Many major health policy developments in 2019 were related to state waivers, major health policy litigation, and federal health insurance regulations, with activity on these issues expected to continue into 2020. One of these developments—this week’s new ruling in the Texas vs United States case challenging the validity of the Affordable Care Act (ACA)—is certain to draw significant interest and attention as we move into the coming year. Below, Health Policy News recaps the ruling and other important 2019 health policy happenings across these three categories, along with predictions of what 2020 will bring.
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Medicaid Global Waiver
Throughout 2019, Health Policy News shared updates on Tennessee’s efforts to secure a Medicaid block grant through a global waiver. We first reported on Tennessee Governor Billy Lee’s interest in pursuing this Medicaid funding model in our March state healthcare reform roundup. In May, we posted about the state’s first tangible step forward in this process: the passage of state legislation requiring the state to submit a block grant proposal to the federal government within six months. Most recently, in September, we summarized the state’s resulting draft waiver amendment.
Just last month, after updating the original proposal to account for significant critique it received during the state’s required public comment period, Tennessee submitted its updated final waiver amendment application. CMS deemed the application complete and is currently accepting public comments on the proposal.
The updated application does not, for the most part, specifically outline how the state will enact changes to the Medicaid program. Instead, it seeks block grant funding for providing “core medical services” to its core population, free from “excessive or unnecessary federal intervention” so that the state can structure the program as it chooses. The proposed amendment specifically requests flexibility relative to prescription drug formularies, optional State Plan benefits, varying benefits across populations, funding for items and services not ordinarily reimbursable, enrollment processes, the service delivery system and covered populations.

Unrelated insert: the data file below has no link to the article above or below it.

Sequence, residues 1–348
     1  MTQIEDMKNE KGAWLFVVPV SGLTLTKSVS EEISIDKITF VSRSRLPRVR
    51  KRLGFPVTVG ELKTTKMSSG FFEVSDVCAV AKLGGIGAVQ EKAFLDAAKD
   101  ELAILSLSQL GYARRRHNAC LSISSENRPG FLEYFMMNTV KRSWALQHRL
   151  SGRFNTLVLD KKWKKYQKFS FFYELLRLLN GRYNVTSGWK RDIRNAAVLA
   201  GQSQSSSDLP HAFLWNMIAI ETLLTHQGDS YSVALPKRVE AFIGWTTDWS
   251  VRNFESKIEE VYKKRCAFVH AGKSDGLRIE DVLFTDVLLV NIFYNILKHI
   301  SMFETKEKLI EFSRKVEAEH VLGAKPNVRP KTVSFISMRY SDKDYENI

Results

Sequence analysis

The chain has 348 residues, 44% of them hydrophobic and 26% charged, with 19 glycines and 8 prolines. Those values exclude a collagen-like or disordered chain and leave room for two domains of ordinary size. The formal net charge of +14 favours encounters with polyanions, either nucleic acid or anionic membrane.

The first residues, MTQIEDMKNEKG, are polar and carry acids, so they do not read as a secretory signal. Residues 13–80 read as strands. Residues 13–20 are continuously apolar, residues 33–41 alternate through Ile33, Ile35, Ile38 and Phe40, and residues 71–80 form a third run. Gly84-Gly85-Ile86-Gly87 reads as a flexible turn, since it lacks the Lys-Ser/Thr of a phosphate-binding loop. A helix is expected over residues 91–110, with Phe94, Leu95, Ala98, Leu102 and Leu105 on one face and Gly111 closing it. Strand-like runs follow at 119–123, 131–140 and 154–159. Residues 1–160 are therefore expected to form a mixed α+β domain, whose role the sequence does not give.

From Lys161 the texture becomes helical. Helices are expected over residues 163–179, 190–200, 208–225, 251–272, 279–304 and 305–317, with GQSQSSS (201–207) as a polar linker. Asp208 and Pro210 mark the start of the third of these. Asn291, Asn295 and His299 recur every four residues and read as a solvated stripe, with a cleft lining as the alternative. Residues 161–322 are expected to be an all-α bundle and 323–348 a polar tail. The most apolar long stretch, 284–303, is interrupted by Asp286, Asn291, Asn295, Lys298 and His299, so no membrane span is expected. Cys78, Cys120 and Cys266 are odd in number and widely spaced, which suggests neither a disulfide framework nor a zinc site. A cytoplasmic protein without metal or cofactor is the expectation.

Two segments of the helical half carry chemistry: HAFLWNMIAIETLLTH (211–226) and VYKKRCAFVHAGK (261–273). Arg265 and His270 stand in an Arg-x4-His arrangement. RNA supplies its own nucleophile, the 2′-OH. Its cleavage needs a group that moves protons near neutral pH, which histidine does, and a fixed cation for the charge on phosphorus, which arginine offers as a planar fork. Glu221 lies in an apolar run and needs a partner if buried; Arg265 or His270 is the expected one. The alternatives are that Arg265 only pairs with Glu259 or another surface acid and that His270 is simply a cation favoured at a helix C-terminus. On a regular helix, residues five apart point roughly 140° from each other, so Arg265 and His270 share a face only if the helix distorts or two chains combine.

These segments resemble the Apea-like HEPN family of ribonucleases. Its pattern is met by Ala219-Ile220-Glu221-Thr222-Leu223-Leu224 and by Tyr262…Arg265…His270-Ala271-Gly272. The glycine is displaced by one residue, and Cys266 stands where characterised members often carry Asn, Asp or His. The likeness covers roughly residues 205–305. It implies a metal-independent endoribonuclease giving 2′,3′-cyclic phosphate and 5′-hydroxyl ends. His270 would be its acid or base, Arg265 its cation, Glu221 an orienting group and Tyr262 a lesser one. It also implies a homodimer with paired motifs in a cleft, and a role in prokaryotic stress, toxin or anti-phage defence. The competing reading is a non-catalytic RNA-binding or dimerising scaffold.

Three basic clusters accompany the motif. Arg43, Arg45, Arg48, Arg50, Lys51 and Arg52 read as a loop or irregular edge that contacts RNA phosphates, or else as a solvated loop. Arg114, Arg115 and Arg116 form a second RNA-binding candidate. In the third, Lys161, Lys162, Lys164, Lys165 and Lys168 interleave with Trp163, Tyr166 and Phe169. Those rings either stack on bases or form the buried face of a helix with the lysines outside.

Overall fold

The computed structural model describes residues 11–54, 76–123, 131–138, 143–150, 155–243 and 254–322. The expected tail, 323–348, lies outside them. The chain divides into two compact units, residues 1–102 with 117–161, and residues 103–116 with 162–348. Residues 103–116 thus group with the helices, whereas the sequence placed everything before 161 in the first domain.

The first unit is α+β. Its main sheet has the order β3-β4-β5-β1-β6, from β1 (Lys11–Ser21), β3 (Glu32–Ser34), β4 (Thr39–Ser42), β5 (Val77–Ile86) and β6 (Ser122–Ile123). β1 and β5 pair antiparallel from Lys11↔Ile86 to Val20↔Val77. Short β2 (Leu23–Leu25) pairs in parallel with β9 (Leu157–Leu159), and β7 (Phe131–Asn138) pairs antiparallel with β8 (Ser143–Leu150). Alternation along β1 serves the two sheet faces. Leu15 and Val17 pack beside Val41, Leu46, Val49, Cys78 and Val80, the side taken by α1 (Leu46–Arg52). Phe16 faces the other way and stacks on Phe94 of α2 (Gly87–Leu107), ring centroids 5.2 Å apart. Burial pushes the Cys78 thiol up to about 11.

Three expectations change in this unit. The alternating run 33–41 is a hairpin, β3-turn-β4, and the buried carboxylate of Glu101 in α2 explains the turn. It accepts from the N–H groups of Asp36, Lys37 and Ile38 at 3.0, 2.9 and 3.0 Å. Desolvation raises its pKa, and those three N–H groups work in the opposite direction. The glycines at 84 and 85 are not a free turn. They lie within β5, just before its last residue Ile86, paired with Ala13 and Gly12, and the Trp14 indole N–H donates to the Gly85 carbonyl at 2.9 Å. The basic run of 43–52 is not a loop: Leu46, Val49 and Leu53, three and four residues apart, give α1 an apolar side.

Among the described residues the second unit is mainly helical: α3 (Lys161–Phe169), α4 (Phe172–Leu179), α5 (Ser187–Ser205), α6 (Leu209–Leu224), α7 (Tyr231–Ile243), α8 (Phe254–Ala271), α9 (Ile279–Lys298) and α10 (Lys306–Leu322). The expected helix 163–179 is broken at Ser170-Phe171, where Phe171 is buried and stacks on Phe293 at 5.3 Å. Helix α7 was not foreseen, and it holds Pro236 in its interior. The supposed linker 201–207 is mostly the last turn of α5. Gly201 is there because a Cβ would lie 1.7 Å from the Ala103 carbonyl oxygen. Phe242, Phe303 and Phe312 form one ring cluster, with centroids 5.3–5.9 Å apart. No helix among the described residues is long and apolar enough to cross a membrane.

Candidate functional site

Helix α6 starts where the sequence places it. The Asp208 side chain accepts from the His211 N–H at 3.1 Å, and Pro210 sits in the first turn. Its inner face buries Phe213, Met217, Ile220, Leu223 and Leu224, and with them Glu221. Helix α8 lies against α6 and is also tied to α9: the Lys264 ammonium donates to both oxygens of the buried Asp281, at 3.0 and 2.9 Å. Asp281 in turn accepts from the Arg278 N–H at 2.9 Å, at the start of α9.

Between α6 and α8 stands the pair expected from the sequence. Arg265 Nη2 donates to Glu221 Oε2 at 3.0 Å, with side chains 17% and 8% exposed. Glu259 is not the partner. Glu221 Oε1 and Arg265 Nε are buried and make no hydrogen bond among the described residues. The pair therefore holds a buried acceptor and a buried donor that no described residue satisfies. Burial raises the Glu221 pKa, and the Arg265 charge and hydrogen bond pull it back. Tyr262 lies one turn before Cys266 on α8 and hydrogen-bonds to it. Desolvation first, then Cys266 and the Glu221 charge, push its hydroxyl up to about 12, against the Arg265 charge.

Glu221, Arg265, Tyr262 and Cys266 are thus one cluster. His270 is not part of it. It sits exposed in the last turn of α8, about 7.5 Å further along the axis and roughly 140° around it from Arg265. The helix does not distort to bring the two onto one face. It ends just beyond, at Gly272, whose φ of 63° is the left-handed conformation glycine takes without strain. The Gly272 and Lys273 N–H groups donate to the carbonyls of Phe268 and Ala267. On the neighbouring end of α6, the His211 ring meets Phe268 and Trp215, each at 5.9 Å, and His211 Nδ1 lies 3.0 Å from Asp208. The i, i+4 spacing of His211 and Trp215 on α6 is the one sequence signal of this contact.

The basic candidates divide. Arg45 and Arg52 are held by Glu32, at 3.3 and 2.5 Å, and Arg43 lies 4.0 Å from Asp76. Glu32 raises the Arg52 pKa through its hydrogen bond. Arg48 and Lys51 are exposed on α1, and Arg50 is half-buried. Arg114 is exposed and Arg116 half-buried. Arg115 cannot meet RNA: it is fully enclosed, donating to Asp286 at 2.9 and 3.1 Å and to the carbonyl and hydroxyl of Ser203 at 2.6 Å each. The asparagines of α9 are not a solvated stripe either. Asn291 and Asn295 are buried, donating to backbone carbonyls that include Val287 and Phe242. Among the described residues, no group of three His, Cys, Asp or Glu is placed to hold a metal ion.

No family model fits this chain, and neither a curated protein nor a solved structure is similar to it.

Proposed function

The state maintained the draft amendment’s request for per capita funding that will automatically adjust for enrollment growth, as well as its request to share in savings—under the proposed amendment, the state will retain half of federal savings. The proposal outlines investments that Tennessee intends to make, including improvements to prenatal and postpartum care, expanded coverage for needy individuals, elimination of the wait list for services for people with intellectual and developmental disabilities and inclusion of services to address state-specific health crises, such as the opioid epidemic and maternal and infant mortality without documenting specific plans or requests related to those priorities.
Looking forward, 2020 will provide further clarity on CMS’s stance on block grant waivers. Though the federal administration has expressed interest in supporting this Medicaid funding model, its activity on the issue stalled this fall. With the recent decision by the federal Department of Health and Human Services to withdraw a State Medicaid Director Letter draft, which was undergoing review and expected to address block grants, the decision on Tennessee’s waiver amendment request is likely to be the first tangible federal action taken on this issue. The federal response to Tennessee’s proposal will not just be meaningful for Tennessee, but also for other states contemplating similar requests.
Section 1332 Waivers
2019 also brought a new round of Section 1332 Waiver activity at both the state and federal level. Six states—Colorado, Delaware, Idaho, Montana, North Dakota and Rhode Island—submitted Section 1332 Waiver applications in 2019. Each of the approved applications were for state-based reinsurance programs funded, in part, by pass-through savings. On the process side, federal reviews of the 2019 applications continued to be completed quickly; with the exception of Idaho’s waiver, which was found to be incomplete during the initial review, all submitted state waiver applications were approved in three months or fewer. See the graphic below for a state-by-state breakdown of these approval timeframes: